In many cases and in many states negotiating is all part of this process. Mny people just take what they're told to take and that's up to you. Those recent receipts you've saved could help you. Remember your agent. Any problems dealing with adjusters should be brought to the agent's attention. My agent has helped me with this process several times.

  • edited November 2009
    You have given no information on the extent of the damage or the repair estimate so it's impossible to say if you have any leverage with which to negotiate. However, this should tell you something about the extent of the damage to your car:
    They told me if I have it fixed then they will no longer insure my car.

  • edited November 2009
    My parents had a three year old Rambler that was totaled back in 1963. Fortunately, nobody was injured. They had just put new tires on the car and had replaced the battery. The car had 36,000 miles at the time. What my parents did was locate a similar car. This car had gone 45,000 miles and had two new tires. The insurance company negotiated a price with the dealer, gave my parents a check for the negotiated price plus an added mileage allowance and an allowance for two new tires and a battery. In this case, it was the insurance of the party that rear-ended the first Rambler that had to pay.

    If this is your insurance company that is having to pay, I don't know whether you could work out the same deal. However, I think I would look for a similar Altima, get the price from the dealer, add for recent work and see what happens. In my parents' case, the insurance company gave them a check. They could have done anything they wanted with the money. They elected to purchase the replacement Rambler. Interestingly enough, the replacement had the same engine and transmission--had identical equipment and trim except for the color--but somehow seemed to run better and had better acceleration.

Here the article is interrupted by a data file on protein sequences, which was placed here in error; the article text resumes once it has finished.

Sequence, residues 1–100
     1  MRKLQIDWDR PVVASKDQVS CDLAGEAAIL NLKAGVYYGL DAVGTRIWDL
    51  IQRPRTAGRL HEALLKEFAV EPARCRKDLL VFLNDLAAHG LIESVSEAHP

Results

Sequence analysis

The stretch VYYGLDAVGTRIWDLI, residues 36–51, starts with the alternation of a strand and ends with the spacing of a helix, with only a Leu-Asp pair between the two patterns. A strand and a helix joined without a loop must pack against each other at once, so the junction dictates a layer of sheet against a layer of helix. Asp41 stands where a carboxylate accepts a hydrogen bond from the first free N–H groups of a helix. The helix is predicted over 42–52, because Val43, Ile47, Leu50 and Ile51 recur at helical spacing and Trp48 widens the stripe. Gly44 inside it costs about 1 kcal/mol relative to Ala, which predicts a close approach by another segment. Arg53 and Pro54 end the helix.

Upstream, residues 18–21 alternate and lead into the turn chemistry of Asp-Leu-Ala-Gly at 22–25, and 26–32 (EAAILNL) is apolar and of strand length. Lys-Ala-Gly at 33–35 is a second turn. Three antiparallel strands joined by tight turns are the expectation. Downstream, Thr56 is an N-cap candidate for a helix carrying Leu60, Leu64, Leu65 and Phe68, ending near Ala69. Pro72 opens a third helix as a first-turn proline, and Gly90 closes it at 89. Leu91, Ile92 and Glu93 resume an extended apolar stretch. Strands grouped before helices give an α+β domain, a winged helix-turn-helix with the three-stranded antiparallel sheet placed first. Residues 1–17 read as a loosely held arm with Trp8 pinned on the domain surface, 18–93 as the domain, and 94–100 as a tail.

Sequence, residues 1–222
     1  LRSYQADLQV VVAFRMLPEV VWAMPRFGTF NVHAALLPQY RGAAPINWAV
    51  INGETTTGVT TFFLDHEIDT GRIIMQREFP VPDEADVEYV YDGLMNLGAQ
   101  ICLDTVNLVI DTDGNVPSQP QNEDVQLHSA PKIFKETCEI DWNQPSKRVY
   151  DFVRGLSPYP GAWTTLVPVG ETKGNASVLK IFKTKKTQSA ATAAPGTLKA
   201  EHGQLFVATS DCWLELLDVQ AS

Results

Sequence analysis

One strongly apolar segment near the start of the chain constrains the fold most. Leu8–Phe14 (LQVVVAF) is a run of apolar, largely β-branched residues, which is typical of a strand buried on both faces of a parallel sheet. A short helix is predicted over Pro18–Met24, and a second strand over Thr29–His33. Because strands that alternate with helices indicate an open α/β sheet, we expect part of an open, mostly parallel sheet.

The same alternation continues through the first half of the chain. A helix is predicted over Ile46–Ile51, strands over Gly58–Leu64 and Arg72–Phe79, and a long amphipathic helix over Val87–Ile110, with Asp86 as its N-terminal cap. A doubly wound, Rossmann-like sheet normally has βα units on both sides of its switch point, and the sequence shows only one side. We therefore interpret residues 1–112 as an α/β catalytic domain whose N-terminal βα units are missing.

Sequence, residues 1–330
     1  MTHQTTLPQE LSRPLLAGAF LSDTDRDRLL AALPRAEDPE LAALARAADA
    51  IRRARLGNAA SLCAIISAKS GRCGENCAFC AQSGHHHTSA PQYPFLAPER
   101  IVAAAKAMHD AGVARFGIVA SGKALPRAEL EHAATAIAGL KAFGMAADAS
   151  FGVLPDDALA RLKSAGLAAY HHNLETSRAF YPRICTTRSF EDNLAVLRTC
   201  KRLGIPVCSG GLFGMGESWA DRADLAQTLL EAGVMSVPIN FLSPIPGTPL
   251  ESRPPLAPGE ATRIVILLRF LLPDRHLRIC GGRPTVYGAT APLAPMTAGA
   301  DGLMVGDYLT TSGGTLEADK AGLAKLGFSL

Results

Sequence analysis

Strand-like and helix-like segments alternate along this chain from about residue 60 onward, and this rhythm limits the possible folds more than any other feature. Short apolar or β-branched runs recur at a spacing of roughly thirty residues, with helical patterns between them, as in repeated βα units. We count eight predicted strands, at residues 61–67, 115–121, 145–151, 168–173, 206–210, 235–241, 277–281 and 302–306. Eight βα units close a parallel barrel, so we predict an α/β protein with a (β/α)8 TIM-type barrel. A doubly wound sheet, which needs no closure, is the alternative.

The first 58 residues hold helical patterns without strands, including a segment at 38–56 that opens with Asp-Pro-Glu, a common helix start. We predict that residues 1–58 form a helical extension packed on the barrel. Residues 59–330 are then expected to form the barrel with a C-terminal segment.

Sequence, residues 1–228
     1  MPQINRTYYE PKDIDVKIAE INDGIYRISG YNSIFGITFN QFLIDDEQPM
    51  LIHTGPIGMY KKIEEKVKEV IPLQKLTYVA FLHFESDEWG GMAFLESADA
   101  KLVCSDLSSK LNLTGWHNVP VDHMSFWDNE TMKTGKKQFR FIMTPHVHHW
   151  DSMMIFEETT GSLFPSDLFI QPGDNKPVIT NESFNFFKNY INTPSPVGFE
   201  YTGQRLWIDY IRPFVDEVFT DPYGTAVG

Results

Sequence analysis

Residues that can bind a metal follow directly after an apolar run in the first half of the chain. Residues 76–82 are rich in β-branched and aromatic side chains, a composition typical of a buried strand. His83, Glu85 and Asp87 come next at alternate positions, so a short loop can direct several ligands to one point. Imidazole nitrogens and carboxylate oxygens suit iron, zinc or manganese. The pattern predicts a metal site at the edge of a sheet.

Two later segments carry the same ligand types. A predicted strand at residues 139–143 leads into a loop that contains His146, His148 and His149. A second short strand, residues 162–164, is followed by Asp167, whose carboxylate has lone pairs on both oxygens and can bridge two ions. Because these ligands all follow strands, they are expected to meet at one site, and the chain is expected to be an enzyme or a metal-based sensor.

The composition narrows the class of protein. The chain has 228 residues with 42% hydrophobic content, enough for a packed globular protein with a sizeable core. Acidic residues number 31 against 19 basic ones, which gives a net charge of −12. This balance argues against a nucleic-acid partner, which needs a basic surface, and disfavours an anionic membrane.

In your situation, try to negotiate for the best settlement you can get and let the insurance company have the car.
  • edited November 2009
    Yes, but they won't insure you. There is also no guarantee that anyone else will insure you. What's wrong with your car?
  • edited November 2009
    I don't know the answer but I do know that I would never have my car fixed given that choice again. I did it because I loved the car and have had to make other repairs that may never have been necessary.
  • edited November 2009
    "I don't know the answer but I do know that I would never have my car fixed given that choice again. I did it because I loved the car and have had to make other repairs that may never have been necessary."

    I assume you fixed the car, then had the accident some time later. I can understand that it irks you to have spent the money and won't get to put a few miles on the car. But you couldn't forsee this event. Stuff happens. It's nothing you could control so don't let it bother you.
  • edited November 2009
    I did get a second opinion and they said most of the damage is superficial. The plastic bumper came off, the front rear view mirror is broken, one wheel and tire need to be replaced, one headlight to be replaced, otherwise just scratches on paintwork. I was driving about 4 miles per out and I hit a garage door that was flimsily made with the right front side of my car. The second opinion said that there is no damage to the frame and it basically needs to have the broken items replaced and painted. I am now concerned that I will be unable to get insurance.